Sunday, February 16, 2014

Learned behaviors may still be innate

When debating a topic such as the origin of gender-specific toy preference, discussions such as the following are common:

A: Studies show that small children typically choose toys associated with their gender, girls prefer dolls and boys prefer trucks and so forth.
B: Sure, but that does not mean it is "natural" for them to do so - it could be cultural, in that their parents and peers encouraged them towards that behavior.
A:
Fair enough. However, some studies have shown such preferences in children too young to have had much interaction with society, which would support the assertion that such behavior is at least in part innate.
This is a reasonable interaction, but there is in fact a flawed premise in B's response, which A then accepts as valid. Beginning in A's first statement, we are talking about small children, and then parents are introduced in B's response. Implicitly, B is viewing the child as the subject of an experiment: If the child prefers gender-specific toys because of socialization, then that behavior may not be innate. A then responds that if the child exhibits that preference before significant socialization, then it may well be innate. In both cases, the child's behavior is what is being investigated, and is what teaches us about the innateness or non-innateness of the behavior in question.

But that perspective is flawed, for the following reason: We have no reason to exclude the parents from being the subjects of investigation as well. It is theoretically possible, for example, that there is not an innate tendency for children to prefer gender-specific toys, but that there is an innate tendency for parents to direct their children to gender-specific toys. If we accept that evolution affects behavior, then it does not just affect child behavior but also adult behavior.

Of course the adults have been heavily integrated into society, making it very hard to know whether such a behavior on their part - if they in fact exhibit it - is innate or not. For that reason it is natural to focus on the child, which is closer to a "controlled" experiment. However, the difficulty of investigating a fact does not affect whether it is true or not.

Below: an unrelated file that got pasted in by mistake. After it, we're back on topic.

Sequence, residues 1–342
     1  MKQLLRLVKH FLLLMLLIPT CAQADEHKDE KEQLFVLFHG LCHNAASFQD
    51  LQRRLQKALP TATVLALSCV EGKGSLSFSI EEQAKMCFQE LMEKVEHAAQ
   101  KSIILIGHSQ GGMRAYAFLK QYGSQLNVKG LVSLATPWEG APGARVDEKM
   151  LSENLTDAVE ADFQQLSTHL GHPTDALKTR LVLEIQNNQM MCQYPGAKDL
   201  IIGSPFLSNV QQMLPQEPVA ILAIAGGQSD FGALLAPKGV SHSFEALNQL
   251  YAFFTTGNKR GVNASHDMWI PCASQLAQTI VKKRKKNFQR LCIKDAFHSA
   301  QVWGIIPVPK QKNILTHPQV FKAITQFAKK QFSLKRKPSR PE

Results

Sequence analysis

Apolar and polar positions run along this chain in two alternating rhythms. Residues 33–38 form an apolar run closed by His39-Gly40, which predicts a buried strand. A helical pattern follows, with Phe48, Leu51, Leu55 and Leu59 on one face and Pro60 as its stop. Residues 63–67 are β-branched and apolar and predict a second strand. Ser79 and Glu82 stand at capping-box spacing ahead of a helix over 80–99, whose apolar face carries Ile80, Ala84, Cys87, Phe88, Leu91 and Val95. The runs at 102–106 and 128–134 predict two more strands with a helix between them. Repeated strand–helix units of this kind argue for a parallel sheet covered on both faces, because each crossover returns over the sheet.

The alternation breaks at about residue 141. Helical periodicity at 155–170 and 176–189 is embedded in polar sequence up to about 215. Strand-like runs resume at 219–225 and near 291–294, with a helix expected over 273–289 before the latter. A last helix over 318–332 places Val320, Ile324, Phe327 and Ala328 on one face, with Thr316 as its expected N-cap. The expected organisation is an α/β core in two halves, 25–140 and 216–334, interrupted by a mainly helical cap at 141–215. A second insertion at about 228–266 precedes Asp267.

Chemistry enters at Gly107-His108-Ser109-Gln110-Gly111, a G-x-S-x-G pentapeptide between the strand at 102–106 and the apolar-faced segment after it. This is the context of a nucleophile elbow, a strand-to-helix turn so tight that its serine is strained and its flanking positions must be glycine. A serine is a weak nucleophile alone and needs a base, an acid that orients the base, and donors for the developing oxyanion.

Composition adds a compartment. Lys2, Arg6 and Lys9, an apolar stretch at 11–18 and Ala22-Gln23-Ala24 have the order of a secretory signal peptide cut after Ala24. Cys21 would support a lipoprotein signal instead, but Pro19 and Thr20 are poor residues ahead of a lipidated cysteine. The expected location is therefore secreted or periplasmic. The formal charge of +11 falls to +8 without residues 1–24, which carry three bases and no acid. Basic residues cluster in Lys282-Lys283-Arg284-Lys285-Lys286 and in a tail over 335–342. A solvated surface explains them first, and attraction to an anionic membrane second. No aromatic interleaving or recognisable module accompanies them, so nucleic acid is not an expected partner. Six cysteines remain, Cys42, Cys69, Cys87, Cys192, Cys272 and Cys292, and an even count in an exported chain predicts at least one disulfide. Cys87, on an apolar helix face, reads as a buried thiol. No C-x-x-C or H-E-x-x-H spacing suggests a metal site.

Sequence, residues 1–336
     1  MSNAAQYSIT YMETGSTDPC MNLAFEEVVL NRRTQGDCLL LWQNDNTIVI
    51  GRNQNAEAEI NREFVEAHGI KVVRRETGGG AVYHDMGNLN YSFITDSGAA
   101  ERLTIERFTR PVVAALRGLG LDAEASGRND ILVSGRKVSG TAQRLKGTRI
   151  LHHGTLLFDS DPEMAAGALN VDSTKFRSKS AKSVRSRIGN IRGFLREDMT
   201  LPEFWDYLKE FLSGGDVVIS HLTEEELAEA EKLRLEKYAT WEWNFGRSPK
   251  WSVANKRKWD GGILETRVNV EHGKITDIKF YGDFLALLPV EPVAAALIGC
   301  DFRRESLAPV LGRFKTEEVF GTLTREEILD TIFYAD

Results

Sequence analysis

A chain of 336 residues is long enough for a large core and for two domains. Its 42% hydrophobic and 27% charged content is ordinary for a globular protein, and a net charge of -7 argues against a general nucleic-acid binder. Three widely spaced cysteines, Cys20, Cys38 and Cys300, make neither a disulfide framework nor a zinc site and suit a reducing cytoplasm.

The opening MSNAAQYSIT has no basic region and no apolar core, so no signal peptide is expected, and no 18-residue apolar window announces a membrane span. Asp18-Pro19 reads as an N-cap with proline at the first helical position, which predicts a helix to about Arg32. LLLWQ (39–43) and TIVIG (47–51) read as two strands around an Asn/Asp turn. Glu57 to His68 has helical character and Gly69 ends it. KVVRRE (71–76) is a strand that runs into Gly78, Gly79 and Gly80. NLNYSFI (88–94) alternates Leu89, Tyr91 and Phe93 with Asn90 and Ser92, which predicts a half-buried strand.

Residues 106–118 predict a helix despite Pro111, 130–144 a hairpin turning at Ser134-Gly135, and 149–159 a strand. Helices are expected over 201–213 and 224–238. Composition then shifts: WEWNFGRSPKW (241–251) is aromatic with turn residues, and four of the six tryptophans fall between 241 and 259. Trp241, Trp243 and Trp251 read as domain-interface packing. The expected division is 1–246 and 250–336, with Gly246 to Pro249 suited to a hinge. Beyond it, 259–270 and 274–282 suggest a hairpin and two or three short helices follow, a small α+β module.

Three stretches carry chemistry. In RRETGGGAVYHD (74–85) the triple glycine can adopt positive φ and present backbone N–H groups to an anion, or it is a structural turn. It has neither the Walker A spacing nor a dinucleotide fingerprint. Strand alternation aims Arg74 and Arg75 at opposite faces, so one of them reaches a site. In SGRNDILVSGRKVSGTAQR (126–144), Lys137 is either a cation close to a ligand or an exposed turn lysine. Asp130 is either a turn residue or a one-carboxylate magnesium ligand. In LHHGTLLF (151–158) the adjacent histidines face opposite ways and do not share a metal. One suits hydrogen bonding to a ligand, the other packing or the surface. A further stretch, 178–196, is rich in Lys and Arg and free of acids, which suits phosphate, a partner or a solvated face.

That parents (or peers) influence children to prefer gender-specific toys is evidence that that behavior is not entirely innate on the part of children. However, it does not rule out that in the human species as a whole, such behavior may be said to be innate - it may not be "directly" innate, but then few traits are, as genes can act through cascades of many levels of biological effects. For example, if it improved the fitness of our ancestors to have children prefer gender-specific toys, then causing them to do so could have been achieved in various ways - genes affecting the children, genes affecting parenting behavior, and so forth. Either, both, or none might have occurred and been selected for. But the point is that there is no reason to assume it must be a gene directly affecting the child's behavior - evolution does not care about the means so long as the end result is beneficial.

In conclusion, this might appear like an argument saying it is impossible to prove that gender-specific toy preference is due to cultural factors, since even if it is shown that children do not spontaneously exhibit such behaviors, we must now consider the possibility that other innate factors in the human species cause them to do so. As such, this might seem to verge close to making it impossible to show that a behavior is not innate, which is a dubious position. However, of course such an argument is not evidence that the behavior is innate - just that an important level of complexity must not be ignored here.

Sunday, November 11, 2012

"What Darwin Got Wrong" Got Wrong

(I've already written about this.)